Percentage-of-completion method

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Percentage of completion (PoC) is an accounting method of work-in-progress evaluation, for recording long-term contracts. GAAP allows another method of revenue recognition for long-term construction contracts, the completed-contract method.

When to use[edit]

The accounting for long term contracts using the percentage of completion method is an exception to the basic realization principle. This method is used wherein the revenues are determined based on the costs incurred so far. The percentage of completion method is used when:

  • Collections are assured
  • The accounting system can:
  1. Estimate profitability
  2. Measure progress toward completion.

Losses are recognized in the year when they are discovered, the same way as for the completed contract method. The balance sheet presentation is the same as in the completed contract method.

Formulas used[edit]

Revenues and gross profit are recognized each period based on the construction progress, in other words, the percentage of completion. Construction costs plus gross profit earned to date are accumulated in an asset account (construction in process, also called construction in progress), and progress billings are accumulated in a liability account (billing on construction in process). Construction-in-progress are generally not classified as inventory as it would not be in-line with IAS2.9 (Inventories to be stated at lower of cost or NRV).

Although the formula for recognizing income in the current period can vary, a widely accepted one is as follows:

where... the number of periods lapsed since the inception of the contract.

the expected length of the contract.
the current period.

Examples[edit]

For example, let's say our total estimated cost for the contract is $10,000 and our contract value is $12,000. We know that project will be completed in 2 years. Now, after the first year we see that total cost incurred in this first year is $3,000. So according to the percentage-of-completion method: Cost percentage = 3000/10000 = 30%; so we will recognize 30% revenue in the income statement for the first year.

Income statement of AnantPurohit corporation Pvt. Ltd. for the year ended on xx/yy/zzzz:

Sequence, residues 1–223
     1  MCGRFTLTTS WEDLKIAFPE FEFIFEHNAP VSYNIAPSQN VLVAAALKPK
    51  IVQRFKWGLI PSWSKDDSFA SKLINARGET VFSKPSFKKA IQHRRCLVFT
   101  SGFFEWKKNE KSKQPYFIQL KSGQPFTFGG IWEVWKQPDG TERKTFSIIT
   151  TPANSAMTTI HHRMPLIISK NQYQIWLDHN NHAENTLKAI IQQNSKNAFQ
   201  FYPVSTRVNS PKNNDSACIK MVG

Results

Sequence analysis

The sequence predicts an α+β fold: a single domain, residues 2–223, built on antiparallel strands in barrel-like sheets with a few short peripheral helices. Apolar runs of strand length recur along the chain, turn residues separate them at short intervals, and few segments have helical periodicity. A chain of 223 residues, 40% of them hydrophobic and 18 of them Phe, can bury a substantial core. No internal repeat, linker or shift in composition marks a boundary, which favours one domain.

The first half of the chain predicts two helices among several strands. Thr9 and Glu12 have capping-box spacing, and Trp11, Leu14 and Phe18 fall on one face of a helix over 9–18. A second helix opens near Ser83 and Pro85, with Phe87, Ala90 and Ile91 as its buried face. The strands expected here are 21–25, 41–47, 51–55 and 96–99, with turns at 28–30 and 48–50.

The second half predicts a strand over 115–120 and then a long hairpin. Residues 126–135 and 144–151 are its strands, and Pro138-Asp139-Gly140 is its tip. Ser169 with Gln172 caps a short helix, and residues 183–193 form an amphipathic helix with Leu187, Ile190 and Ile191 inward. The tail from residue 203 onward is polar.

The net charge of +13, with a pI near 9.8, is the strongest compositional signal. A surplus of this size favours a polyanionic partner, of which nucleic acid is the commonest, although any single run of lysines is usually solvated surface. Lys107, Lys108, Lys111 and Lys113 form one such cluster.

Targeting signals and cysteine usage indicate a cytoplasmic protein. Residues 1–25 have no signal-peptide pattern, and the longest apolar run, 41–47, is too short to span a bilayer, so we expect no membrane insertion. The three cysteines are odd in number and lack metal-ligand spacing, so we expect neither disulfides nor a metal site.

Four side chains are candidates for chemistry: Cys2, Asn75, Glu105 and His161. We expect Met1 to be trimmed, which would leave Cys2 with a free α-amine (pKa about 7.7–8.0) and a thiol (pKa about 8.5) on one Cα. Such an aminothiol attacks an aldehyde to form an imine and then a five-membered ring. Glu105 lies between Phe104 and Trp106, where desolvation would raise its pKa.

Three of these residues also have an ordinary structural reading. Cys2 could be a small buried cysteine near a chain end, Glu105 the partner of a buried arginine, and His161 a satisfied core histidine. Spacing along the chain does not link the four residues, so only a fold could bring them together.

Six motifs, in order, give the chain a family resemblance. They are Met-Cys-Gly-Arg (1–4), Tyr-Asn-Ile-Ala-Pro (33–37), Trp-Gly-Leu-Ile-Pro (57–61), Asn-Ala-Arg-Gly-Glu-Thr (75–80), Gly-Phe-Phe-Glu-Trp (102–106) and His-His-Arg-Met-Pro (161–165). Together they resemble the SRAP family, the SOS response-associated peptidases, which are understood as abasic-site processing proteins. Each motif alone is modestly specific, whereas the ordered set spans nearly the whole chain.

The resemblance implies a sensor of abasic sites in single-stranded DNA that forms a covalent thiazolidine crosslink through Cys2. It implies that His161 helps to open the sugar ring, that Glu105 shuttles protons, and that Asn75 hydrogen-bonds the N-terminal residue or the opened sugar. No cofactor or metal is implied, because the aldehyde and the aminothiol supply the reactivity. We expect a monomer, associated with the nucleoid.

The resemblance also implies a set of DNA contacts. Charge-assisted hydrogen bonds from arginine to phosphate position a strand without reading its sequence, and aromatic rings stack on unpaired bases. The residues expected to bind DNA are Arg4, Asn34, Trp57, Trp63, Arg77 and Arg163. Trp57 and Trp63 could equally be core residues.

Sales 3,600 (30% of 12,000)
Cost of goods 3,000
Profit 600

In the next year, some more complicated parts enter the game. Let's say that after completion of the second year, our expected cost changes to 11,000. Assume our cost to date is 5,500 (3,000 in the first year, 2,500 in the second), the percentage completed is 5,500/11,000 = 50%. Thus, the revenue to be recognized is (50% of 12,000) – 3,600 (previously recognized) = 2,400

Income statement of AnantPurohit corporation Pvt. Ltd. for the year ended on xx/yy/zzzz+1:

Sales 2,400
Cost of goods 2,500 (5,500 till date – 3,000 last year)
Loss 100

Now let's say that for the next year, our total cost estimation is increased to 15,000 due to increases in raw material and labor costs. We know that we are going to incur a loss of 3000 at the end of the contract period. For the third year, our cost to date reaches 10,500, so according to PoC: Percentage completion = 10,500/15,000 = 70% Revenue = 70% of 12,000 – previously recognized = 8,400 – 6,000 = 2,400. However, because we are going to have a total loss of 3,000 on the contract..... we must recognize the total loss in the period it is estimated. As a result, our Cost of goods will be 5,900 (total loss recognized because of 500 profit recognized in previous periods [3,500] + Sales [2,400]); we reached this inductively by figuring the Sales and the Loss before the Cost of goods.

Income statement of AnantPurohit corporation Pvt. Ltd. for the year ended on xx/yy/zzzz+2:

Sales 2,400
Cost of goods 5,900
Loss 3,500

In final year, our cost is 4,500 and revenue is 3,600. But we record only 3,600 in Cost of goods because we already recognized the total loss in the last period.

Sales 3,600
Cost of goods 3,600
Profit/loss 0

Total Profit/Loss from the contract = 600-100-3,500= 3,000 Net Loss

Disclosures[edit]

As per IAS 11.42-43, an entity shall present:

(a) the gross amount due from customers for contract work as an asset; and

(b) the gross amount due to customers for contract work as a liability.

(These should be separate line-items on the face on the balance sheet.)

The gross amount due from/to customers for contract work is the net amount of:

(a) costs incurred plus recognized profits; less

(b) the sum of recognized losses and progress billings

for all contracts in progress.

References[edit]

External links[edit]